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Effects of Polyphenol-Rich Foods on Human Health

NNEdPro Global Centre for Nutrition and Health, St John’s Innovation Centre, Cambridge CB4 0WS, UK
Nutrients 2018, 10(8), 1089;
Submission received: 10 August 2018 / Accepted: 13 August 2018 / Published: 14 August 2018
(This article belongs to the Special Issue Effects of Polyphenol-Rich Foods on Human Health)


Recent evidence has suggested that polyphenol-rich foods intake may be associated with decreased risk of chronic diseases. The Special Issue “Effects of Polyphenol-Rich Foods on Human Health” comprised 64 peer-reviewed papers on the most recent evidence regarding the dietary intake of polyphenols and polyphenol-rich foods, as well as their effect toward the prevention and treatment of non-communicable diseases. Original contributions and literature reviews demonstrated the potential protective effects of polyphenol-rich foods and their extracts toward cardiovascular diseases, certain cancers, and neurodegenerative diseases, mostly through anti-oxidant and chemo-preventive properties.

Over the last years, polyphenol-rich foods and polyphenols have received great attention due to their potential beneficial effects toward human health. Contained not only in fruits and vegetables, but also in whole-grains, nuts, olive oil and beverages such as coffee and tea, they are characteristic components of healthy dietary patterns [1]. Recent evidence has proposed that a higher dietary intake of polyphenols may be inversely associated with overall and CVD-related mortality [2], certain cancers [3], cardiovascular diseases (CVDs) [4], anthropometric measures [5], and mood disorders [6,7]. Thus, several molecular mechanisms have been suggested, however, one of the most investigated biological activities of polyphenols is their antioxidant activity.
This Special Issue “Effects of Polyphenol-Rich Foods on Human Health” comprises 64 peer-reviewed papers, including 43 original research papers [8,9,10,11,12,13,14,15,16,17,18,19,20,21,22,23,24,25,26,27,28,29,30,31,32,33,34,35,36,37,38,39,40,41,42,43,44,45,46,47,48,49,50], one case-report [51] and 20 literature reviews [52,53,54,55,56,57,58,59,60,61,62,63,64,65,66,67,68,69,70,71]. They report on the most recent evidence regarding the dietary intake of polyphenols and polyphenol-rich foods, as well as their effect toward the prevention and treatment of non-communicable diseases.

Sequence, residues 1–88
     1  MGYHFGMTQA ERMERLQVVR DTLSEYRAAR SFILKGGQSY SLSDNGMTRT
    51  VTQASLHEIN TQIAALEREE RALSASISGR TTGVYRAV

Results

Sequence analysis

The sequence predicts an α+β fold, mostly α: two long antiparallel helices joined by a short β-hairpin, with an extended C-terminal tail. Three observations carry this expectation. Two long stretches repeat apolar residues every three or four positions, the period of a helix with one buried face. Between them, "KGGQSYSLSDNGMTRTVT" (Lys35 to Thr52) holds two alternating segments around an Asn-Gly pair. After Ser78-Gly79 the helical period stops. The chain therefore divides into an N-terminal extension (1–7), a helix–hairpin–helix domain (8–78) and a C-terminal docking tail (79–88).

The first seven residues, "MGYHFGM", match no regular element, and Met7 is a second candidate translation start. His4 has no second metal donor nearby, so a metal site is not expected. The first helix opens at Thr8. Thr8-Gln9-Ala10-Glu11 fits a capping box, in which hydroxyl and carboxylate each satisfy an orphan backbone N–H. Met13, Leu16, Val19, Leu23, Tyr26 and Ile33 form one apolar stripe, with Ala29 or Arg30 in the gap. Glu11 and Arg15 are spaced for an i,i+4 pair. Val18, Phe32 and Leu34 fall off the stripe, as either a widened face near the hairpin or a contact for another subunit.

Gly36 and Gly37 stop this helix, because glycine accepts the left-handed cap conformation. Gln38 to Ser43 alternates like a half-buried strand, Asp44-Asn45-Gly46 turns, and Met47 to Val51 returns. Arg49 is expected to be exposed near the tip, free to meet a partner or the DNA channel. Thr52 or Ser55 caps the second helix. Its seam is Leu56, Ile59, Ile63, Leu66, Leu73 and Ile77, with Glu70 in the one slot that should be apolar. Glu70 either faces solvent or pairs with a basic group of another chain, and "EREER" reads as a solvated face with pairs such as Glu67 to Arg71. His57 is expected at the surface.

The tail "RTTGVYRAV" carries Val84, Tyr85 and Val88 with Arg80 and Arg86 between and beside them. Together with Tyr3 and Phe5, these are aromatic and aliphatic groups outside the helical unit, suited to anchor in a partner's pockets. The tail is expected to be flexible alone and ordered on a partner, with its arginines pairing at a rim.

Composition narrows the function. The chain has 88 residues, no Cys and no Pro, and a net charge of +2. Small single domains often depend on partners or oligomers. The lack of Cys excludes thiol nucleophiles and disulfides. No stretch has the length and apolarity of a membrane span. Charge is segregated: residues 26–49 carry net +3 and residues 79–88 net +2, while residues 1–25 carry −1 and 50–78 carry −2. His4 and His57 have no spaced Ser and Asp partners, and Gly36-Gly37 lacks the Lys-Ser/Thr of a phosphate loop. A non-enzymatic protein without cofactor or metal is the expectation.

The Special Issue included systematic reviews and meta-analysis summarizing the level of evidence on both polyphenols and polyphenol-rich foods. In particular, published articles demonstrated that a moderate intake of coffee is inversely associated with the risk of hypertension [23], and cancer, including liver [21], endometrial [58] and postmenopausal breast cancer [28]. Marventano et al. reported that a high dietary intake of whole-grain foods is able to improve postprandial glucose and insulin homeostasis in healthy individuals [61]. Moreover, the results of a comprehensive meta-analysis on randomized clinical trials showed that intake of flavanol-containing products is associated with body composition and blood lipids level [56]. Shivappa et al. reported that a diet with lower inflammatory potential in inversely associated with risk of CVD and colorectal cancer [65,66]. Finally, a meta-analysis exploring the association between polyphenol biomarkers and CVD and mortality, revealed that higher enterolactone concentrations were associated with all-cause and CVD mortality risk [63].
Epidemiological and clinical studies reported the following associations of polyphenols and polyphenol food extracts: silibinin and non-alcoholic fatty liver disease [9,39], resveratrol and hepatic encephalopathy [33], coffee polyphenols and cardiovascular risk factors [34], flavonoids and ventilator function [20], tea and stress and sleep quality (depending on caffeine content) [46], tea and glycemic response [44], polyphenols and obesity [24], phenolic acids and hypertension [22], healthy diet and neurofibromatosis [51].
Importantly, numerous reviews summarized the evidence regarding polyphenols and polyphenol-rich foods and their association with NCDs related to oxidative stress and inflammation, including CVDs, diabetes, hypertension, obesity, certain cancers and neurodegenerative diseases [19,45,52,53,54,55,57,59,60,62,64,67,68,69,70,71].
Several contributions investigated polyphenol metabolism and transformation into bioavailable molecules and underlined the importance of the clarification of the metabolic fate of polyphenols and their bioavailability in order to fully understand the molecular forms responsible for the preventive actions of polyphenols [13,15,17,26,35,36,43].
Polyphenols have been demonstrated to be responsible for the anti-inflammatory and antioxidant properties of potentially functional foods. Numerous studies explored in detail the molecular mechanisms underlying the protective effects of polyphenols, including antioxidant capacity, that can be attributed to the regulation of redox enzymes through reducing reactive oxygen species (ROS) production and modulation of the II-phase enzymes responsible for the cellular oxidative response; other studies explored the chemo-preventive effects of polyphenols, including the elimination of carcinogenic agents, the modulation of pathways responsible for cancer cell signaling and cell cycle progression, and in the promotion of apoptosis [8,10,11,12,14,16,18,25,27,29,30,31,32,37,38,40,41,42,47,48,49,50].
As a guest editor, I would like to acknowledge all the authors for their valuable contributions and the reviewers for their constructive remarks. Special thanks to the publishing team of the journal Nutrients for their professional help in the completion of this Special Issue.

Conflicts of Interest

The author declares no conflict of interest.


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